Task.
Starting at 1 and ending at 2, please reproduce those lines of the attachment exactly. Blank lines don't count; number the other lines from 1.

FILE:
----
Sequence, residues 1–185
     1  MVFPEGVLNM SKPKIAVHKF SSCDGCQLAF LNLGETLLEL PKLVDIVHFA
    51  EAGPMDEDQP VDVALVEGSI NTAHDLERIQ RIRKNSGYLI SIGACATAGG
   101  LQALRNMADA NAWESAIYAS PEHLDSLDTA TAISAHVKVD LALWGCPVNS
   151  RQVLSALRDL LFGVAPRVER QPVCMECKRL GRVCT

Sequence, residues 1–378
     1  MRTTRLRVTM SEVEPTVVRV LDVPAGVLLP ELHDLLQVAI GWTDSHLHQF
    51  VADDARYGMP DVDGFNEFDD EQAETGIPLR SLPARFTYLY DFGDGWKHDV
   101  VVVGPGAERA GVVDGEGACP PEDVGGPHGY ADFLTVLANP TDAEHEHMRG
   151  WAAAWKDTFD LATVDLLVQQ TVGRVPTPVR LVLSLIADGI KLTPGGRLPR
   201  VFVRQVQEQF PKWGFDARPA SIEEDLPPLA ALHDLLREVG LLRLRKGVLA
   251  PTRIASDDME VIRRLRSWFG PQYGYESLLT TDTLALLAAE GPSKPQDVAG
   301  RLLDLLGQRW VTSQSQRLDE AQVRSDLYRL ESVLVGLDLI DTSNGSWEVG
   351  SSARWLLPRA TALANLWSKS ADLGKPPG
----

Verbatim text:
Sequence, residues 1–185
     1  MVFPEGVLNM SKPKIAVHKF SSCDGCQLAF LNLGETLLEL PKLVDIVHFA